Publication Date : //
var. henosis, a domestic bamboo species, has been attracting much attention; its bioactive compounds (especially in the leaf) show antioxidant, anti-inflammatory, and anti-obesity activities. Little information is available on the antioxidative and anti-melanogenetic activities of the bioactive compounds in bamboo stems. The anti-melanogenic and antioxidative activities of the EtOAc fraction (PN3) of a stem extract were investigated in a cell-free system and in B16F10 melanoma cells. PN3 consisted of a mixture of flavonoids, such as catechin, chlorogenic acid, caffeic acid, and -coumaric acid. The antioxidant activity (2,2-diphenyl-1-picrylhydrazyl (DPPH), 2,2'-azino-bis(3-ethylbenzothiazoline-6-sulfonic acid (ABTS)), and hydroxyl radical scavenging) was evaluated, as well as the inhibition of reactive oxygen species (ROS) produced by the Fenton reaction. PN3 showed in vitro tyrosinase inhibition activity with the half maximal inbihitory concentration (IC) values of 240 μg/mL, and in vivo cytotoxic concentration ranges > 100 μg/mL. The protein expression levels and mRNA transcription levels of , , and were decreased in a dose-dependent manner by the treatment with PN3. PN3 interfered with the phosphorylation of intracellular protein kinase A (PKA)/cAMP response element-binding protein (CREB), demonstrating potent anti-melanogenic effects. PN3 could inhibit PKA/CREB and the subsequent degradation of microphthalmia-associated transcription factor (MITF), resulting in the suppression of melanogenic enzymes and melanin production, probably because of the presence of flavonoid compounds. These properties make it a candidate as an additive to whitening cosmetics.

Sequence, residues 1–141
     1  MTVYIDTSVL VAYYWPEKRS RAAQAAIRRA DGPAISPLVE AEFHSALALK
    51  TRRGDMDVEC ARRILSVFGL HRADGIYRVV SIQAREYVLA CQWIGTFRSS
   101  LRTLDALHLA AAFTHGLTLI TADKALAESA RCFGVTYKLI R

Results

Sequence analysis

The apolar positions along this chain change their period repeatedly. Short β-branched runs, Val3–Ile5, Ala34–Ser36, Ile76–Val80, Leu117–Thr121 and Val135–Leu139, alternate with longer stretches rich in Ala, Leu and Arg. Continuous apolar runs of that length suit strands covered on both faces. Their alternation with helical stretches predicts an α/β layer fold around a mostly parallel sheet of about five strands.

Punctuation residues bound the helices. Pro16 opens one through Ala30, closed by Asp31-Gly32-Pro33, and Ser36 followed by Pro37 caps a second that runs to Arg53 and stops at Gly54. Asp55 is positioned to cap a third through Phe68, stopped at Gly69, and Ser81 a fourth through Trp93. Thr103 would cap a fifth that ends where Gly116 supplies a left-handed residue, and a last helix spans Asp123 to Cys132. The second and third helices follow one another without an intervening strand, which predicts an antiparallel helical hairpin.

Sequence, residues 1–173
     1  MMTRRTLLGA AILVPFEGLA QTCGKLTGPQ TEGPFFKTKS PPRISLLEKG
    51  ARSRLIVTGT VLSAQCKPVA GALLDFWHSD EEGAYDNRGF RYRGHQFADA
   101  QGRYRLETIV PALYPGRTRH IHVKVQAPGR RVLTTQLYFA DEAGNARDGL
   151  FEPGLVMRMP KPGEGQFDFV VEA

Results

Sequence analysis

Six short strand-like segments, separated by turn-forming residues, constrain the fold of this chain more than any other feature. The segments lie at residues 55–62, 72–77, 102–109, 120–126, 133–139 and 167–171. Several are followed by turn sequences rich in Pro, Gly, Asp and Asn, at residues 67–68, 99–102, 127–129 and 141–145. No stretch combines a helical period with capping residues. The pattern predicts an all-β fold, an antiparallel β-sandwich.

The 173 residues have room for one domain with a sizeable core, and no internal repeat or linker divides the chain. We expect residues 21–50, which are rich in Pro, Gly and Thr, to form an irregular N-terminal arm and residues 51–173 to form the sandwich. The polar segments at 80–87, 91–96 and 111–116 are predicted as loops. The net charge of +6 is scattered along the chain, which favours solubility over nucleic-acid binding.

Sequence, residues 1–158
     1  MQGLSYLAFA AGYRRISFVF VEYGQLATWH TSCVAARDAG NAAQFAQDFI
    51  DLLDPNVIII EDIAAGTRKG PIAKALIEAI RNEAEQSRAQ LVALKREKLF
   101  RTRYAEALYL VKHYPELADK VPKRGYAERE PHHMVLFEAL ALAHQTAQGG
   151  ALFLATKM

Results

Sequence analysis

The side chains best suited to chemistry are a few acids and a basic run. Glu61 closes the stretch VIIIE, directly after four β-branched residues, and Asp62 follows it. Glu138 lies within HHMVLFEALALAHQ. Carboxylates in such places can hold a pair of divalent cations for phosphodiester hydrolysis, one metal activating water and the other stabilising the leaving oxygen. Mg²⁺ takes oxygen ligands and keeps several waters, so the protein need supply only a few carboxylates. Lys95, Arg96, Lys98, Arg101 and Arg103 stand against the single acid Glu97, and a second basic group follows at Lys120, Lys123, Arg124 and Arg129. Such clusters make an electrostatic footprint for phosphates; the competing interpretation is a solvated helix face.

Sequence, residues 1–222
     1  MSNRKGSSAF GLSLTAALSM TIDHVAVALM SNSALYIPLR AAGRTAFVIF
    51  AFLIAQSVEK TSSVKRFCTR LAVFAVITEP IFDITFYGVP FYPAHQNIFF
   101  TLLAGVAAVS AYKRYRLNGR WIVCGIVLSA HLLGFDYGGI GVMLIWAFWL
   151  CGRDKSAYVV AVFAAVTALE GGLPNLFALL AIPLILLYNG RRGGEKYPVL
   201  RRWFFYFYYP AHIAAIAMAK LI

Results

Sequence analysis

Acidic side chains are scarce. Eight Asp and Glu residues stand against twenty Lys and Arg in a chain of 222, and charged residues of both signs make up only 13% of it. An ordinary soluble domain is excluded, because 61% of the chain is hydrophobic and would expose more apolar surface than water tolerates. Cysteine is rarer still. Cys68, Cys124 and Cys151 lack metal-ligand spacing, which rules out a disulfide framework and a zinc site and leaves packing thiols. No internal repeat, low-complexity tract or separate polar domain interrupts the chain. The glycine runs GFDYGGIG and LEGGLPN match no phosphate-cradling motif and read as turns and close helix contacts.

Authors : Choi Moon-Hee, Jo Han-Gyo, Yang Ji Hye, Ki Sung Hwan, Shin Hyun-Jae,

(8) Ethanol Extract of Oldenlandia diffusa Herba Attenuates Scopolamine-Induced Cognitive Impairments in Mice via Activation of BDNF, P-CREB and Inhibition of Acetylcholinesterase.[TOP]

Pubmed ID :29370115
Publication Date : //